CJ> I hear the argument about shortening attention spans – and I get that, to some degree. But if you put out great content, it will be consumed regardless of the length. I can’t ever recall watching something amazing but turning it off toward the end because it was too long.
TikTok is just a different flavour of content – and I feel audiences of all ages are getting adept at going where they need depending on how they feel in that moment. A common conversation in our house now is ‘are we in a Disney+, NowTV or Youtube mood tonight?’ Depending on our day, we might watch back-to-back funny animal videos or we might watch Succession. So I feel brands can pinpoint and target the ‘mood’ of their viewer more effectively now than ever.
Netflix and Amazon prime etc are on the right path with shows like Ozark – each piece is as long or short as it needs to be depending on the narrative at play. I appreciate these platforms negate commercial breaks within the show but I feel the theatrical format of commercials up front is far more effective and a fair contract between viewer and distributor.
If Hotpoint interrupted Breaking Bad and tried to sell me a washing machine – they’re not selling to me when I’m in the best mood.
LBB> Tell us more about how you think comedy can be nailed within a long form medium.
CJ> Comedy needs to breathe – there is an ebb and flow to the format. You need space for a joke to land and time to launch the next… and don’t get me started on the importance of a good reaction shot. Long form gives you the required space. Although I must stress, even though we use the term ‘long format’ I still think we need to be very, very mindful of our runtimes when we’re selling something - there’s a critical balance there.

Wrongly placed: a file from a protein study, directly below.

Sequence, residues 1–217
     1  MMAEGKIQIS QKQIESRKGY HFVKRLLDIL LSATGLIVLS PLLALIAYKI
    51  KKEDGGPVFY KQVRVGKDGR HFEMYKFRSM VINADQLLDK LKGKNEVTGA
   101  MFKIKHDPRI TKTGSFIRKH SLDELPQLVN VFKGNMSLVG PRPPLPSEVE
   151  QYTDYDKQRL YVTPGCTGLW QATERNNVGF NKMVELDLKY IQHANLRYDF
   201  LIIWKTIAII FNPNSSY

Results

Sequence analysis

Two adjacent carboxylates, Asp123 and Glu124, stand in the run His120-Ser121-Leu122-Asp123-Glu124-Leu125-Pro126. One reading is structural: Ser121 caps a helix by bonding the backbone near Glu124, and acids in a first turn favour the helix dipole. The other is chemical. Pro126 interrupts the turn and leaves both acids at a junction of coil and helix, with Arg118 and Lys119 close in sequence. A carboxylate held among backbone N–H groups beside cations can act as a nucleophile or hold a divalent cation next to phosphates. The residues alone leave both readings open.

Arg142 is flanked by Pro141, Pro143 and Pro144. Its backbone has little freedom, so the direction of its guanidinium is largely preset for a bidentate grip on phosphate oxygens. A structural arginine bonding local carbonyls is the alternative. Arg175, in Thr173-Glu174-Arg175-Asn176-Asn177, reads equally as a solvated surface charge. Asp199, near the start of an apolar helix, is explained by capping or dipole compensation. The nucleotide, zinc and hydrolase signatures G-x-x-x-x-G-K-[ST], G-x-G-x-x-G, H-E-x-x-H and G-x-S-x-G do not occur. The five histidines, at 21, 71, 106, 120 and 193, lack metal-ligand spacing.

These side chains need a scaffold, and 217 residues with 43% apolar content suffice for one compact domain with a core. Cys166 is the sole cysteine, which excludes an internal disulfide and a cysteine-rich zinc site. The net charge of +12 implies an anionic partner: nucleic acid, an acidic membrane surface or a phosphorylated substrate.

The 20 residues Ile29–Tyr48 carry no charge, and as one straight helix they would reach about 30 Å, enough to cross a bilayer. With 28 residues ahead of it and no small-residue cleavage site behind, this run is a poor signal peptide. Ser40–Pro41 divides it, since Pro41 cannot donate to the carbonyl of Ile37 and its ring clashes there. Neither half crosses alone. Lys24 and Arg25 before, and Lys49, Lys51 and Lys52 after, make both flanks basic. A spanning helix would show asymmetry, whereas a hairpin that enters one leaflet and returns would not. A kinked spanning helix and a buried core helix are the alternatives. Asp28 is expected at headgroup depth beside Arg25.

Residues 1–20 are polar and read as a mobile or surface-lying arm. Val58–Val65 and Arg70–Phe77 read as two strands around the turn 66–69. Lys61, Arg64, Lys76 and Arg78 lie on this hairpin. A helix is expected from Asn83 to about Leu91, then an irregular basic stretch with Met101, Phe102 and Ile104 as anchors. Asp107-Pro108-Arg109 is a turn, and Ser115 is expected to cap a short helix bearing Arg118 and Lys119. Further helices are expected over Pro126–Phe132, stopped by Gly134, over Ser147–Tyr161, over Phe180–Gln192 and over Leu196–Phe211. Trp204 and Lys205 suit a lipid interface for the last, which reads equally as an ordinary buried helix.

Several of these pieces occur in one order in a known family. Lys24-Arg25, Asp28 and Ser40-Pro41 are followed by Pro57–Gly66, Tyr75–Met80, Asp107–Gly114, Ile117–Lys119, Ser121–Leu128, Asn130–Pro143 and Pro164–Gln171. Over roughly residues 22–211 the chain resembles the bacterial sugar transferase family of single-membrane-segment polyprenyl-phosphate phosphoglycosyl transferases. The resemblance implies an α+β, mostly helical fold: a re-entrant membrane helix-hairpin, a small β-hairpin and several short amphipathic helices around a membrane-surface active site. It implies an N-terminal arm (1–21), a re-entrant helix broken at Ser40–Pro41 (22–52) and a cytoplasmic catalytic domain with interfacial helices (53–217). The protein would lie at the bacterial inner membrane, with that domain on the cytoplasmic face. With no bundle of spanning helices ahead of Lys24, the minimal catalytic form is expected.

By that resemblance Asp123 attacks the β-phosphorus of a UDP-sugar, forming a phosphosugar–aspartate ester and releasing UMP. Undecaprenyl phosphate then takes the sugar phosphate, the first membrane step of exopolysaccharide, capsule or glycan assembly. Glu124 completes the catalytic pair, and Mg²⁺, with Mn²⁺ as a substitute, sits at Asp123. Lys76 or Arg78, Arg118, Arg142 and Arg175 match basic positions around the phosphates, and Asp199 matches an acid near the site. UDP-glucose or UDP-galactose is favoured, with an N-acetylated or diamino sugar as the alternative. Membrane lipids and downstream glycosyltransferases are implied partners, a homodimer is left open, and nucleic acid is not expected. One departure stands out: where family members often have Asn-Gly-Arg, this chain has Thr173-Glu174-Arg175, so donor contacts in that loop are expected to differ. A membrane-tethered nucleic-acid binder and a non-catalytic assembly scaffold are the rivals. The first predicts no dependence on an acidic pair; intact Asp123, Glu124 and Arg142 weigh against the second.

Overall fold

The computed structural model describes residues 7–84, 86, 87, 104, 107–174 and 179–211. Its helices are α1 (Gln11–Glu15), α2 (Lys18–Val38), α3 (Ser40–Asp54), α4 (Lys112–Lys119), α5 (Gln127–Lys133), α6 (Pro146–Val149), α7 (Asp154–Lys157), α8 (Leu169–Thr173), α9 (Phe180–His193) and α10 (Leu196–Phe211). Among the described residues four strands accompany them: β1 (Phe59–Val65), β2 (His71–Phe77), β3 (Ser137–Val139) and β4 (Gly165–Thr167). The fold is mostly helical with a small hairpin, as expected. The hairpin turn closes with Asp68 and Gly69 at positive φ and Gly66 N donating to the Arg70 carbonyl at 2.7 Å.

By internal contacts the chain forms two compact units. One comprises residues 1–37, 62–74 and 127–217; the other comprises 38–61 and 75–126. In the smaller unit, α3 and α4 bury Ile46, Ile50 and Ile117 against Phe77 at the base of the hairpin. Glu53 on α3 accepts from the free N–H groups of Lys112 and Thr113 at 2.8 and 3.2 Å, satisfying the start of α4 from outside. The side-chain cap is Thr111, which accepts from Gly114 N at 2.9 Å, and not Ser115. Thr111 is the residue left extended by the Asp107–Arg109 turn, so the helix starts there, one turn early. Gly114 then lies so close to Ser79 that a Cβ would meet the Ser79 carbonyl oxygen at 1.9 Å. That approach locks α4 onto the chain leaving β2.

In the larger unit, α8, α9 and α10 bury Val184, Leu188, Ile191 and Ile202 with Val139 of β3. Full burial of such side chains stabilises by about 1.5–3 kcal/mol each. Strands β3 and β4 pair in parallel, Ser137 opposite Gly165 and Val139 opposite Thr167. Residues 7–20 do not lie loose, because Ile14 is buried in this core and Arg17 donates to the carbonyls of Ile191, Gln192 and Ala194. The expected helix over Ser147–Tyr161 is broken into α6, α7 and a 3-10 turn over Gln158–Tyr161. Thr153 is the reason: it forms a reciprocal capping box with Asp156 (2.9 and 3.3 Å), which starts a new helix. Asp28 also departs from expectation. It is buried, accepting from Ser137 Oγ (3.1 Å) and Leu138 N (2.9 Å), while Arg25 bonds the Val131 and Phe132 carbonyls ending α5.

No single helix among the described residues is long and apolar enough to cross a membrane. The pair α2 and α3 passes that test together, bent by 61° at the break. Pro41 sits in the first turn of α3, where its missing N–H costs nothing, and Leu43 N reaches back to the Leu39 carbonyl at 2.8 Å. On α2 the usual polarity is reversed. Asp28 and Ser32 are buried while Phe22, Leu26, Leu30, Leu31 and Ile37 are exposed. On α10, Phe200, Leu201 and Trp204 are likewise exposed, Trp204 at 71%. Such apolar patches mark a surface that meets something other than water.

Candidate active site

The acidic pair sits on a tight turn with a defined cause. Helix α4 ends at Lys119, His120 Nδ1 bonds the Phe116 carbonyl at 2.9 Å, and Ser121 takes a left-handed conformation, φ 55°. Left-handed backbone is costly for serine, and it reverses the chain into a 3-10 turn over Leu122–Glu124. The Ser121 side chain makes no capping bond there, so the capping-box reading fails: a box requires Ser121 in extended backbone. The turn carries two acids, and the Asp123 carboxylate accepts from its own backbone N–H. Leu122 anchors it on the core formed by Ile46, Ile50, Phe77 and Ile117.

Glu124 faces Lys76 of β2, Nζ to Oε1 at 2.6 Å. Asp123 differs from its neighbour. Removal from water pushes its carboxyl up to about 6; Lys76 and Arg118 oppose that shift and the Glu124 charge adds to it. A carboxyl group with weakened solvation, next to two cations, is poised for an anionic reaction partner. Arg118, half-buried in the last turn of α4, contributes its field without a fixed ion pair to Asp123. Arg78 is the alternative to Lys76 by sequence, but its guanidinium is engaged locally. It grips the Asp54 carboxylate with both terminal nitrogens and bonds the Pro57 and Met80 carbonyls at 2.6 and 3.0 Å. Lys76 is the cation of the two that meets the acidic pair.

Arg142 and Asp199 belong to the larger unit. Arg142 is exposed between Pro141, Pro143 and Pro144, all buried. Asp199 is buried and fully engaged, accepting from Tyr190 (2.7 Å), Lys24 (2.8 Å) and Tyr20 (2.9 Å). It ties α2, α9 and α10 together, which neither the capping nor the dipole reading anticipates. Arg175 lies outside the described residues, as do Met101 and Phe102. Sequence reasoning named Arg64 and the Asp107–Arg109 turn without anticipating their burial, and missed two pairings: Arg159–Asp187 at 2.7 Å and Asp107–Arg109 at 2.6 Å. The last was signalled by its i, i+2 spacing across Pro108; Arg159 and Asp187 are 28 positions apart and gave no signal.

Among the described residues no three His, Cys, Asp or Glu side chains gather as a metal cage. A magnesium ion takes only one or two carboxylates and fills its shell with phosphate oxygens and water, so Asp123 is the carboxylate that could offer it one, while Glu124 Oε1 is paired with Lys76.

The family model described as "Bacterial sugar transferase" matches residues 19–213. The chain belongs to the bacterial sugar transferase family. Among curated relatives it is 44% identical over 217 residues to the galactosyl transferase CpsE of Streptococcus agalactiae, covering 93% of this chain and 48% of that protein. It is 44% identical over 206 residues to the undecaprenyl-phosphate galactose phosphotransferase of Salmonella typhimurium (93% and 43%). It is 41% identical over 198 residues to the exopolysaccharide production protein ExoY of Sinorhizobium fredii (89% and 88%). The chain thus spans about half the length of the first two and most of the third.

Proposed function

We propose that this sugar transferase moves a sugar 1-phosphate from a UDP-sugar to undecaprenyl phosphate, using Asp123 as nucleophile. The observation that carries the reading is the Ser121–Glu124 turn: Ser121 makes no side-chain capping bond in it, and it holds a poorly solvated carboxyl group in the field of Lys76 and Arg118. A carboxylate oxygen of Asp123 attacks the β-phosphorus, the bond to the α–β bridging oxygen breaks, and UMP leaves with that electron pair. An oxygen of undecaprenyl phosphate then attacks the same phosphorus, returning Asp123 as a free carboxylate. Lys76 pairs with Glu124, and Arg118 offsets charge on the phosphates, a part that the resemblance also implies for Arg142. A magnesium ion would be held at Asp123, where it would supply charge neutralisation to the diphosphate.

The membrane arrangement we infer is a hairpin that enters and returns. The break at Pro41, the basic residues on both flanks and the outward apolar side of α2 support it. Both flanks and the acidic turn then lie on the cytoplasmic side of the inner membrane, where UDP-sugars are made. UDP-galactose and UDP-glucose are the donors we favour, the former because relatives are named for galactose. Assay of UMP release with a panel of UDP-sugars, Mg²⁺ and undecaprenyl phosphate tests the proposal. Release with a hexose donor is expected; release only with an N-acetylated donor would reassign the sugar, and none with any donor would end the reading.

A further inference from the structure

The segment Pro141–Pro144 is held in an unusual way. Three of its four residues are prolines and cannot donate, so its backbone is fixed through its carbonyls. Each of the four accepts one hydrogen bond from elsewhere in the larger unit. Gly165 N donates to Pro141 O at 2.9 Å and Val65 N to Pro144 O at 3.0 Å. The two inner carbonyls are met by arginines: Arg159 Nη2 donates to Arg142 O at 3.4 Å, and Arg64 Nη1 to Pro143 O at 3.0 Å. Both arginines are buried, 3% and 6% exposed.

LBB> How does your directing style shine through the project?
CJ> Olivia [Hirschberg] and Karen [James] (my agents at Johnny Foreigner) maintain that my style isn’t necessarily a specific genre – it’s the tone of my work. And I totally agree. I’m very much a glass is half full person and look to have a positive/upbeat feeling about my productions and the films that are borne from them.
Guz is an insanely positive person, his attitude and compassion are second to none – so this feeds into his performance and meshes with my visuals perfectly.
Speaking of visuals, before I sign off I need to shout out my DOP – Ben Pratchett, who had the unenviable task of mounting anamorphic lenses onto the new Ronin 4D camera system. Due to the construction logistics at all locations, we couldn’t lay dolly track or sliders. We tech recce’d locations but they were radically changing between prep and shoot days, so we had to be as agile as possible. A gimbal system was our best option. At the time of shooting the 4d was a unicorn – and I wanted two of them so we could multicam the dialogue yet dive into slick visuals in a heartbeat.
Fortunately, Ben and his team love a technical head scratcher and relished improvising ad-hoc gear additions to mount our lenses and get the look we wanted. I loved the fluidity and speed of this setup. I like to have a lot of takes and options in the edit. This combination enabled us to shoot faster than I’ve ever shot with anamorphic before. Despite this setup being a budget buster and inventing kit solutions at the 11th hour, Darkmatter believed in us and supported the effort – which comes back to being bold, backing up your DOP & Director decisions as they know it yields results.
This leads me back to style, I love a slick aesthetic wrapped around a fun/comedic piece. I started my career journey in edit suites and trained initially as an editor, so I’m always looking for a smooth edit, slick/punchy visuals combined with a film that puts a smile on your face.